The ongo­ing EU pres­sure on Greece to imple­ment aus­ter­i­ty mea­sures fits per­fect­ly with what psy­cho­analy­sis calls super­ego. Super­ego is not an eth­i­cal agency prop­er, but a sadis­tic agent that bom­bards the sub­ject with impos­si­ble demands, obscene­ly enjoy­ing the subject’s fail­ure to com­ply with them. How­ev­er, the para­dox of the super­ego is that, as Freud saw clear­ly, the more we obey its demands, the more we feel guilty. Imag­ine a vicious teacher who gives to his pupils impos­si­ble tasks, and then sadis­ti­cal­ly jeers when he sees their anx­i­ety and pan­ic. This is what is so ter­ri­bly wrong with the EU com­mands: They don’t even give a chance to Greece; the Greek fail­ure is part of the game. It is as if the providers and care­tak­ers of debt accuse the indebt­ed coun­tries of not feel­ing enough guilt.

There­in resides the true mes­sage of the irra­tional” pop­u­lar protests across Europe: The pro­test­ers know very well what they don’t know; they don’t pre­tend to have fast and easy answers. But what their instincts are telling them is nonethe­less true: that those in pow­er also don’t know. In Europe today, the blind are lead­ing the blind. Aus­ter­i­ty pol­i­tics is not real­ly sci­ence, not even in a min­i­mal sense; it is much clos­er to a con­tem­po­rary form of super­sti­tion — a kind of gut reac­tion to an impen­e­tra­ble com­plex sit­u­a­tion, a blind reac­tion of things went wrong, we are some­how guilty, we have to pay the price and suf­fer, so let’s do some­thing that hurts and spend less.” Aus­ter­i­ty is not too rad­i­cal,” as some left­ist crit­ics claim, but, on the con­trary, too super­fi­cial, an act of avoid­ing the true roots of the crisis.

The dark corner

Can the idea of a unit­ed Europe be reduced to the reign of the Brus­sels tech­nocrats? The proof that this is not the case is that the Unit­ed States and Israel, two nation-states obsessed with their sov­er­eign­ty, at some deep and often obfus­cat­ed lev­el per­ceive the EU as the ene­my. This per­cep­tion, kept under con­trol in the pub­lic polit­i­cal dis­course, explodes in its under­ground obscene dou­ble. In Israel, crazy sto­ries about the country’s right to throw out Pales­tini­ans are ground­ed in Exo­dus, in par­tic­u­lar God’s com­mand to the Jews, as they approached their land after 40 years of wan­der­ing around, to mer­ci­less­ly slaugh­ter the tribes that were liv­ing there. In the Unit­ed States, the vision is dou­bled by the extreme Right Chris­t­ian fun­da­men­tal­ist polit­i­cal vision with its obses­sive fear of the New World Order, as exem­pli­fied in the works of Tim LaHaye. The title of one of LaHaye’s nov­els points in this direc­tion: The Europa Con­spir­a­cy. The ene­mies of the Unit­ed States are not Mus­lim ter­ror­ists; they are mere­ly pup­pets secret­ly manip­u­lat­ed by the Euro­pean sec­u­lar­ists — the true forces of the Antichrist who want to weak­en the Unit­ed States and estab­lish the New World Order under the dom­i­na­tion of the UN. In a way, they are right in this per­cep­tion: Europe is not just anoth­er geopo­lit­i­cal pow­er block, but a glob­al vision that is ulti­mate­ly incom­pat­i­ble with nation-states, a vision of a transna­tion­al order that guar­an­tees cer­tain rights (wel­fare, free­dom, etc.) to all the world’s peo­ple. This is why the EU has the propen­si­ty to expand well beyond the fron­tiers of old Europe. This is why the Euro­pean dream still has uni­ver­sal appeal. This dimen­sion of the EU pro­vides the key to the so-called Euro­pean weak­ness”: there is a sur­pris­ing cor­re­la­tion between Euro­pean uni­fi­ca­tion and its loss of glob­al mil­i­tary-polit­i­cal power.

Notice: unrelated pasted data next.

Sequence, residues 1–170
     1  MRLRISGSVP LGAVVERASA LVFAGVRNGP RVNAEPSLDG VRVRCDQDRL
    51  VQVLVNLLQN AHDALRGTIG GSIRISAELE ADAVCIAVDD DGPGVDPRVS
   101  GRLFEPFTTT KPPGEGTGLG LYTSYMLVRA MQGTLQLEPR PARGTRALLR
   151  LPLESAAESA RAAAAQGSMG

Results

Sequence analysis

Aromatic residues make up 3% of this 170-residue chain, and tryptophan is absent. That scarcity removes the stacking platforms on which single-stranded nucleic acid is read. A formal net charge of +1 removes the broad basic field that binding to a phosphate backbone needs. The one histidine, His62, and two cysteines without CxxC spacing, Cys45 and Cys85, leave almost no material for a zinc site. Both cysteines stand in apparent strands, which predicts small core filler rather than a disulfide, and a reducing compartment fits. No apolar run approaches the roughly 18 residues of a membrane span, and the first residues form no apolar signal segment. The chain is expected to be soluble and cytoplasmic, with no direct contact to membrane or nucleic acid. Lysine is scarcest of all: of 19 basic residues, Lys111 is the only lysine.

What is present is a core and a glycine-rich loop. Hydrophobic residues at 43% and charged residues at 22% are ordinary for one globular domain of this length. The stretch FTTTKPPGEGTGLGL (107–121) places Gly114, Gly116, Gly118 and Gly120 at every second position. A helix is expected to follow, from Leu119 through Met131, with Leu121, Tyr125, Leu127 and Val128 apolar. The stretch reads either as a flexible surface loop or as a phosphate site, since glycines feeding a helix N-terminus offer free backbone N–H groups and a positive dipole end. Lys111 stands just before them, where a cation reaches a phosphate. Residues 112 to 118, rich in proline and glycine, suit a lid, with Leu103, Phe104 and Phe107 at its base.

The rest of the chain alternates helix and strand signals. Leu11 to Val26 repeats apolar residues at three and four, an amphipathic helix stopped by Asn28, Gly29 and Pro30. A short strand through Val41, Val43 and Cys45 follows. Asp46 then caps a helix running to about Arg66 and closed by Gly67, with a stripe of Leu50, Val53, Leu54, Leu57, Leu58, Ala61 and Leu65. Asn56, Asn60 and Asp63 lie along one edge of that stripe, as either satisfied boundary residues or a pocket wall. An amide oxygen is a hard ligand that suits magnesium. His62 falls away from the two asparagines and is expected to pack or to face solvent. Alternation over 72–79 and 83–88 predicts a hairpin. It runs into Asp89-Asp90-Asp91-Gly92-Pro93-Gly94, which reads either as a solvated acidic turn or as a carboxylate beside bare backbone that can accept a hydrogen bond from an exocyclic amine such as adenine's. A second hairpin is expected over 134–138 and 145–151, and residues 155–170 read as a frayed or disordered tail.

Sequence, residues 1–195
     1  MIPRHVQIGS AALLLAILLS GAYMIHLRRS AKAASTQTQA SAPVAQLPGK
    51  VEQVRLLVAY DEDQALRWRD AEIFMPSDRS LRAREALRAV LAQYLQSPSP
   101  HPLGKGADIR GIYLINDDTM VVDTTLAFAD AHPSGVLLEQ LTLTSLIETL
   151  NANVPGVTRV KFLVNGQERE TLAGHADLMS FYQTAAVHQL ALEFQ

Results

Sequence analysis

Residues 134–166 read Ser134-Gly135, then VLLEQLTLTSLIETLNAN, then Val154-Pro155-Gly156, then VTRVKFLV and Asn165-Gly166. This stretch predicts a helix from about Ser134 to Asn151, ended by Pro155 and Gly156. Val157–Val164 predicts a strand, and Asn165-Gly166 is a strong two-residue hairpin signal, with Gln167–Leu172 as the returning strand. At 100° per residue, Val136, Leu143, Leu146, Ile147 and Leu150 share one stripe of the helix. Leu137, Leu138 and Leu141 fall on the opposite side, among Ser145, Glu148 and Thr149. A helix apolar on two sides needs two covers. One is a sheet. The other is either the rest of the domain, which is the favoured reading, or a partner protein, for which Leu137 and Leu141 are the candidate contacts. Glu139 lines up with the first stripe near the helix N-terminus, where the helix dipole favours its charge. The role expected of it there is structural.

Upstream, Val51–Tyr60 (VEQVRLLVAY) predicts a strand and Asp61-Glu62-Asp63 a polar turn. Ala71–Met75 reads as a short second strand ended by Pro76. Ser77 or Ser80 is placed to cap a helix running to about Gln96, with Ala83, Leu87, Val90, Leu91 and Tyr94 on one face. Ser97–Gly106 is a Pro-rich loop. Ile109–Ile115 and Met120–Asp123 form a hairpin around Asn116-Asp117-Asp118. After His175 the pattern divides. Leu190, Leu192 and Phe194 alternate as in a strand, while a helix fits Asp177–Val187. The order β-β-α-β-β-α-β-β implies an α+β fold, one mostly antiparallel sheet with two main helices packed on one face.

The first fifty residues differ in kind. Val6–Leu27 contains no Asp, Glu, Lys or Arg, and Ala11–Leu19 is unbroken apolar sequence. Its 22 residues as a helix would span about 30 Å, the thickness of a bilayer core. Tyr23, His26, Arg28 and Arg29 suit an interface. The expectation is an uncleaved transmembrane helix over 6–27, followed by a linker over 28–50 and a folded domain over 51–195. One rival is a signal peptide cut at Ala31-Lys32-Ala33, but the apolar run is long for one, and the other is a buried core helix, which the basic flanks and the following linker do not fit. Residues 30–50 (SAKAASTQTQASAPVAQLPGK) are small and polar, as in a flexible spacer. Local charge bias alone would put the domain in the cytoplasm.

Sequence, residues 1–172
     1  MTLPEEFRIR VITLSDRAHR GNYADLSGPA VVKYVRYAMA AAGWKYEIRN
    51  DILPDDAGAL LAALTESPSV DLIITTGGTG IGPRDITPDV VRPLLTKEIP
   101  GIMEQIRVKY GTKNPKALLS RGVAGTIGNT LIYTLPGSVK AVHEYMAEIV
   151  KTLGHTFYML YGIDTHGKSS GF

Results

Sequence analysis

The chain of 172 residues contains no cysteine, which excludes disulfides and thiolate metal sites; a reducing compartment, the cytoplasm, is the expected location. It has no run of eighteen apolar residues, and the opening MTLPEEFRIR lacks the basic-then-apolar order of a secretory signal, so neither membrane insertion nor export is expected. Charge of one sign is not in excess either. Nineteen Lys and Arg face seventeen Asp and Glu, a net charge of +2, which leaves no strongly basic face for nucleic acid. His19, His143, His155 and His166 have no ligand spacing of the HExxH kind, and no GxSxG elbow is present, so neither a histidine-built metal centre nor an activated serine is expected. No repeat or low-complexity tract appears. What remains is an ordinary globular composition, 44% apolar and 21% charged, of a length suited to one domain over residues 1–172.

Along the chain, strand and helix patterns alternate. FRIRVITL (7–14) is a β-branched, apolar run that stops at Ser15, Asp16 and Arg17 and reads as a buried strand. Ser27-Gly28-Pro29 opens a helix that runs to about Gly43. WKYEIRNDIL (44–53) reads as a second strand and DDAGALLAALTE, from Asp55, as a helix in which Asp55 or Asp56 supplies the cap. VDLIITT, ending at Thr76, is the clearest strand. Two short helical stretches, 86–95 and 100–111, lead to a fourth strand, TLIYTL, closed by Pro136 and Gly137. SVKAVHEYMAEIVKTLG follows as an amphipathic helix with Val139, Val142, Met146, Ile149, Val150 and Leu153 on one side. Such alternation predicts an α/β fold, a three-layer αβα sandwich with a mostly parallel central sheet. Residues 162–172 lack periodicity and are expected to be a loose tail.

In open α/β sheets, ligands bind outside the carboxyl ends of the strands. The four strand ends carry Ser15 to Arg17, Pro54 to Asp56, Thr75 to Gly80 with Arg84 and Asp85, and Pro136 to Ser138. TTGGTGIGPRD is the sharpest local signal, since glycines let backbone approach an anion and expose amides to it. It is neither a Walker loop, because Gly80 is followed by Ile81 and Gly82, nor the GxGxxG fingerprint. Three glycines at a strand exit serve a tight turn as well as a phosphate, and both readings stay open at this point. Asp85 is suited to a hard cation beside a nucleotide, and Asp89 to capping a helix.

So what is wrong with the Brus­sels tech­nocrats? Not only their mea­sures and their false exper­tise, but even more their modus operan­di. The basic mode of pol­i­tics today is a depoliti­cized admin­is­tra­tion and coor­di­na­tion of inter­ests by an elite corps of experts. The only way to intro­duce pas­sion into this pol­i­tics-free zone, to active­ly mobi­lize peo­ple, is through fear: fear of immi­grants, fear of crime, fear of god­less sex­u­al deprav­i­ty, fear of the exces­sive State itself (with its bur­den of high tax­a­tion), fear of eco­log­i­cal cat­a­stro­phe, fear of harass­ment (polit­i­cal cor­rect­ness is the exem­plary lib­er­al form of the pol­i­tics of fear). Pro­gres­sive lib­er­als are, of course, hor­ri­fied by pop­ulist racism. How­ev­er, a clos­er look soon reveals how their mul­ti­cul­tur­al tol­er­ance of and respect for (eth­nic, reli­gious, sex­u­al) oth­ers share with anti-immi­grants a basic premise: the fear of oth­ers as clear­ly dis­cernible in the lib­er­als’ obses­sion with harass­ment. Health harass­ment when I am dis­turbed by a shame­less smok­er, ver­bal harass­ment when I over­hear a low­er-class guy telling a dirty joke. … The Oth­er is fine, but only inso­far as his pres­ence is not intru­sive, inso­far as this Oth­er is not real­ly Other.